3 – Rubber Plants
Rubber plants are also known as Ficus elastica, are good at blocking noise to an extent thanks to their wide-spacing and shiny emerald green leaves.
What makes the rubber plant a good noise blocker is its size. In an indoor environment, they will easily grow over three feet tall, and their leaves will make this plant at least a couple of feet wide.
They are very popular in homes and offices and, if strategically placed in the noisy area, can help in blocking some of the noise.
In its natural environment (Asia), this type of plant can grow upwards of 80 feet tall. I guess we could now call the Ficus elastica a tree when not used as an indoor plant.
As an indoor plant, the rubber plants are very easy to maintain since they only require water to keep the soil moist. You should not overwater this plant or leave it bone dry; this will cause the leaves to fall and essentially lose your soundproof wall! Ok, of course, it’s not soundproof, but you know what I mean.
The Ficus elastica does not require much fertilizer, and it should be enough if you fertilize twice a year. The leaves will begin to burn and turn brown if you overfeed.
Also, a regular well-draining potting soil is all they need to be happy.
4 – Tall and Skinny Cactus
One of my friends has a cactus in his home that could almost act as a wall. You can buy a large pot with many tall cacti, like the picture above.
They are one of the easiest plants to take care of because they only require one thing, sunlight. If your home has skylights and multiple rays of sunlight enter the home, then this plant might be a good option.
A cactus can live for decades, and they only require a small amount of water once a month in low humidity and a well-lit environment.
5 – Norfolk Island Pine
You might see these indoor trees around Christmas because some people buy them as a small apartment size Christmas tree. I personally find that this indoor tree looks great all year round if it’s not decorated, of course.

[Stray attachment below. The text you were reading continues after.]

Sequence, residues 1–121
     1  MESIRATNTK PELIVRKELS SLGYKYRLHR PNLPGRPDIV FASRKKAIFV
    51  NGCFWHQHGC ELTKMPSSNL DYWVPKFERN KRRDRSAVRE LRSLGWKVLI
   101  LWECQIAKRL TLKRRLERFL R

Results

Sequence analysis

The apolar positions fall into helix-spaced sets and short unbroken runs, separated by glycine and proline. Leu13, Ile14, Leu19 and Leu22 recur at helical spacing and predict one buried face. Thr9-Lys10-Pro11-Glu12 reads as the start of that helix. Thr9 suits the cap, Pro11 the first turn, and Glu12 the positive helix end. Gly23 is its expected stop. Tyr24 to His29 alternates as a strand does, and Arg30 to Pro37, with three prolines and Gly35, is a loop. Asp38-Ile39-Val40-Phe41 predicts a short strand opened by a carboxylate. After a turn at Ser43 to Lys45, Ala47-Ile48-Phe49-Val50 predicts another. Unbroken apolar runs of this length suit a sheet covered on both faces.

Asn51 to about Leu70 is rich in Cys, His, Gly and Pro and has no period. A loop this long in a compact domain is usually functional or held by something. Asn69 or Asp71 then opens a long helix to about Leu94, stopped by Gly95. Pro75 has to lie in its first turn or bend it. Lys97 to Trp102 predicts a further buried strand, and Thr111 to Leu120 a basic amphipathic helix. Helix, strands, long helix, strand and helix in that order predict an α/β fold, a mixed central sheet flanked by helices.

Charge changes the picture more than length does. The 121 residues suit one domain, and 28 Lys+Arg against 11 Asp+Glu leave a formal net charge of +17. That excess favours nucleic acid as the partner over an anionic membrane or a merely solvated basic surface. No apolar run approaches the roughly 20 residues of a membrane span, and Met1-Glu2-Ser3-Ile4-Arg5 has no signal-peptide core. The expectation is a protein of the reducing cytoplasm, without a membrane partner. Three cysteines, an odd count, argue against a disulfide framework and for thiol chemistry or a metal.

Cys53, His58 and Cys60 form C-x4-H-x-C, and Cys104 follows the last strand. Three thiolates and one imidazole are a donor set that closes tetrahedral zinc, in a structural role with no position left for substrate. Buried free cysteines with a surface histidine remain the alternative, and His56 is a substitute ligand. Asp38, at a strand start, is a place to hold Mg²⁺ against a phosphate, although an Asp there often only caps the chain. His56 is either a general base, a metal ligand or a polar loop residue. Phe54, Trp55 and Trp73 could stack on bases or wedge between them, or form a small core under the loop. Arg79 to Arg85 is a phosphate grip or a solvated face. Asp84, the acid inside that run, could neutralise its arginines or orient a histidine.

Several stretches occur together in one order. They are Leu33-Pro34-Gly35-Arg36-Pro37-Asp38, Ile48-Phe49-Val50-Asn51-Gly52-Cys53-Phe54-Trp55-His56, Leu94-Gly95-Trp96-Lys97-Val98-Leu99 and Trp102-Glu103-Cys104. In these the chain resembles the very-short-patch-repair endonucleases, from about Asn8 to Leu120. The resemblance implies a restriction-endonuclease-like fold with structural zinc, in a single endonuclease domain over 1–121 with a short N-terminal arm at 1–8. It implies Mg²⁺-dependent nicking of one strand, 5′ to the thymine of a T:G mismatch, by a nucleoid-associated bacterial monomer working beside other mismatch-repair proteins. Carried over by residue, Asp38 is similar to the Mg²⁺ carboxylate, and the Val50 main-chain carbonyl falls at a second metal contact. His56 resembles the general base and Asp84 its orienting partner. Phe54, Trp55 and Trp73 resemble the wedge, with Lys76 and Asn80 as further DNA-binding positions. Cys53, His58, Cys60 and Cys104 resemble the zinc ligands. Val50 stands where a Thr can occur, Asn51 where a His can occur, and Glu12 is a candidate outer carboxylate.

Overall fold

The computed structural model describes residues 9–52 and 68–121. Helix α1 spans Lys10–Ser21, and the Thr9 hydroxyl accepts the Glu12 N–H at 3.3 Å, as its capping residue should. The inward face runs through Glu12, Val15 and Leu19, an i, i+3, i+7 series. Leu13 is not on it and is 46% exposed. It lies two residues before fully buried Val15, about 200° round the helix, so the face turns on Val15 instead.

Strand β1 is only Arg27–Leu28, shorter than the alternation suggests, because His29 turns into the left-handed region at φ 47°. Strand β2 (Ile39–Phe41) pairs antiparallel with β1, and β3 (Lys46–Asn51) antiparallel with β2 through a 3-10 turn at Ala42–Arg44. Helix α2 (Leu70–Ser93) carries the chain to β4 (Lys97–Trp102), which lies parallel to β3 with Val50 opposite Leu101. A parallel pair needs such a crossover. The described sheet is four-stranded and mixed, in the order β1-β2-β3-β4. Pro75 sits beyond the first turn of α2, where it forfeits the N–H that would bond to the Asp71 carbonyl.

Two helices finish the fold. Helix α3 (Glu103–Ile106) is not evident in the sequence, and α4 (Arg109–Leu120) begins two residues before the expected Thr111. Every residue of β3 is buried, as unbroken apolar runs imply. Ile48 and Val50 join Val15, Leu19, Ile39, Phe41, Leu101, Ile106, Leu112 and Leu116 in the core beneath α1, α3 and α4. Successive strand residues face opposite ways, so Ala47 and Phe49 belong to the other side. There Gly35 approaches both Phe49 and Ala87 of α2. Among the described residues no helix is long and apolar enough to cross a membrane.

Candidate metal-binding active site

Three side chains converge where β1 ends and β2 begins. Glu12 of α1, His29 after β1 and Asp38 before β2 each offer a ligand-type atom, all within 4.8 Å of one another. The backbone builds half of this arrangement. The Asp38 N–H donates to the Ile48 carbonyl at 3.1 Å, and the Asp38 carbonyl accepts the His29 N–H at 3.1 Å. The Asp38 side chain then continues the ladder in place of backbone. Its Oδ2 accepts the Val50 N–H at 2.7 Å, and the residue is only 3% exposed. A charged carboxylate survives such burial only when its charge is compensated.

I should have maybe named this article “Best Indoor Tree for Noise Reduction” because this is an actual tree and can grow upwards of 100 feet outdoors.
You will eventually have to remove the Norfolk Island Pine from your home because there isn’t a dwarf variety of this tree on the market. But don’t worry, it is a slow-growing tree and should take years before you need to transplant it.
This indoor tree does not require much upkeep. All they need is a bright light, occasional misting, and watering to keep this pine alive.
6 – The Money Tree
The money tree can act as a noise barrier when used as an indoor plant. Their bushy leaves will do a good job regarding sound absorption in an office space.
The leaves are not very wide, but they make up for this shortcoming with length and the sheer number of them.
Keep this indoor tree is filtered bright light and do not overwater them because if the soil stays moist, the tree will begin to rot. Let the soil completely dry up before rewatering.
7 – The Fiddle Leaf Fig
You might recognize the fiddle leaf fig because it is a popular seller in home and hobby stores. One thing to add, however, is all of those fiddle leaf figs are most likely fake.
There has been an uptick of fake fiddle leaf figs in many homes across America, but there is truly no reason to opt for a fake because they are very easy to care for.
The ideal area for this indoor plant is a bright bathroom because it thrives in high humidity and bright environment. It’s actually not a bad idea to leave on your outdoor patio during hot and humid summer months.
All of these examples are good sound barrier plants and will undoubtedly spruce up any living space. There are more plants and indoor trees I could have mentioned, but some of them were either too expensive or too rare to bother explaining.
The only notable mention I can think of would be a Banana tree. One reason why I did not add it on the list is that even as a dwarf variety, they can grow up to ten feet tall. On top of that, they are considered fast-growing trees.
The Banana tree looks similar to a rubber plant, but its leaves are thinner and flimsier. They would not work as a good sound barrier compared to the more popular and easy to find rubber plant.
Let us know if you have plants in your home or office that are specifically there to help drown and absorb sound. Perhaps you have some of these indoor plants or trees in your house right now and could move them to help reduce the transfer of noise.
Give it a shot and let us know in the comment section if it is actually making a difference regarding noise reduction.